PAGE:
The other side of the paradigm of needing to post constantly in order to get noticed is the assumption everyone is always watching. The ability to have instant access twenty-four hours a day, seven days a week quietly insinuates its way into seeming like a requirement. We begin feeling entitled to instant access whenever we want it and conversely obligated to provide it as well.
We become our own paparazzi and tabloid-target all rolled into one.
This not only leads to a paranoia that everything we are doing is always being watched and evaluated, which can manifest as inflated arrogance or intense social anxiety or any number of things between, but it also sets us into a mode of permanently playing to the crowd. We spend all our time presenting our lives to the audience rather than actually living them. We spend our time portraying rather than actually being.
If everyone is always watching then we must always be prepared, put together, and in presentation mode. There is no time or space allowed for powering-down or recharging or relaxing our energies or vigilance. It has reached a point where people who share a ‘make-up free’ photo are hailed for their extreme bravery . Being simply and unadornedly oneself has somehow become a noteworthy act of courage.
And since our technologies extend into virtually every aspect our most intimate and inner lives the level and intensity of that scrutiny can be overpowering. In terms of instantly producible images think of the difference between an old polaroid camera, small and grainy and singular, and a new digital high definition image which can be zoomed in to the point of counting someone’s pours and endlessly replicated. The effort required to be ‘prepared’ for attention that instantaneous and intense is impossible to constantly sustain.
It’s like the tale of the woman at the butcher shop.
A woman goes into a butcher shop and asks to examine a chicken. She pokes it, she thumps it, she pinches it, she smells it, she holds it up to the light, she pulls the wings up and down, she examines it inside and out then hands it back to the butcher and says “I don’t like it”. The butcher looks at her and says “Pardon me ma’am, but could you pass a test like that?”
Followers vs. Friends
Online connections can be very powerful and rewarding. Particularly for those facing difficult challenges with regards to conventional socialization online connections and communities can be a priceless lifeline. In general, however, one of the other toxic aspects of channeling all our social connections through online platforms is that we end up viewing and treating and engaging with people as followers rather than friends.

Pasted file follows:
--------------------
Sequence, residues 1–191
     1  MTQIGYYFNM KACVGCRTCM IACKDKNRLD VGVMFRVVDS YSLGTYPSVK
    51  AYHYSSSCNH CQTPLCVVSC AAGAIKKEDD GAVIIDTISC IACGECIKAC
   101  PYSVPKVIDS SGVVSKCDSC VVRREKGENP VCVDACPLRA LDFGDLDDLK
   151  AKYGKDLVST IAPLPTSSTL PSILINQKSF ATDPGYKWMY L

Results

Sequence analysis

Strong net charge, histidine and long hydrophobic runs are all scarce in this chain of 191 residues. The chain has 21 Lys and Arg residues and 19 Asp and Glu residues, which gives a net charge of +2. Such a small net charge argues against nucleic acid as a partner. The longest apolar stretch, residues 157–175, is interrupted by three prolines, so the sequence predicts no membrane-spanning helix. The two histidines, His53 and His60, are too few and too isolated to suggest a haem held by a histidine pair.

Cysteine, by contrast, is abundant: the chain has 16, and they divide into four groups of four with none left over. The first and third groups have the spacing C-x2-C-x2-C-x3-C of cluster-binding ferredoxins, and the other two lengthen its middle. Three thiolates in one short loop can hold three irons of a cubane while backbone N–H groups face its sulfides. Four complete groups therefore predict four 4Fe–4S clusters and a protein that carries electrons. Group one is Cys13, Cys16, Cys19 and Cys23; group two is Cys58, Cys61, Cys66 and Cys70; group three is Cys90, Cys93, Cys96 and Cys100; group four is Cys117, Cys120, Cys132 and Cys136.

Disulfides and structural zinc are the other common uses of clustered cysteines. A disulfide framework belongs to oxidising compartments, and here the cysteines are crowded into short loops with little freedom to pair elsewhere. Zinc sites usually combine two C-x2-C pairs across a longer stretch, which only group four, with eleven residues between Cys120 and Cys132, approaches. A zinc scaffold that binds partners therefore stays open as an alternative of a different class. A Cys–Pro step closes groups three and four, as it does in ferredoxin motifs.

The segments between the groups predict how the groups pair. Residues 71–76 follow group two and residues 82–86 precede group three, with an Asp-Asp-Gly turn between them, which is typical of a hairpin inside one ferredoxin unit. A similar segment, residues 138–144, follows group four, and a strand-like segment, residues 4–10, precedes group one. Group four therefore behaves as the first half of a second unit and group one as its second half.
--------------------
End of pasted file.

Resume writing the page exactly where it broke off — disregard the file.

While Facebook does use both terms the vast majority of social media platforms strictly use the term ‘followers’ and in all instances that is the model those online relationships take. We post things, they hopefully react and respond to them. We assume they only wish to see optimized content, so that content becomes more valuable than ourselves, and we end up spending as much or more of our energies on the ‘friends’ following our personal blog than the ones actually participating in our physical lives.
The reason there is so much discussion and cautionary expounding about the dangers of becoming slaves to our devices and the platforms within them is that the technology has exploded with exponential speed and we are staggering along behind it trying to figure out not only how to make the best use if it all but also what the costs and impacts of that use Which always takes time, whether the technology will slow down and wait for us or not.
The crucial truth is that we always need to remember, and remind ourselves, these are meant to be tools for us to use. Not the other way around. The moment we let ourselves become the subservient entities is the moment we need to take a breath, take a step back, and remind ourselves of how rare and precious and worthy we all are. Just as we are.
We can’t be everything to everyone, nor should we. We will fit with those who are wired to fit with us, and we won’t with those who aren’t. That’s simply the way of life. We need to focus more on that and less on chasing after the approval of those who don’t fit or don’t even know us.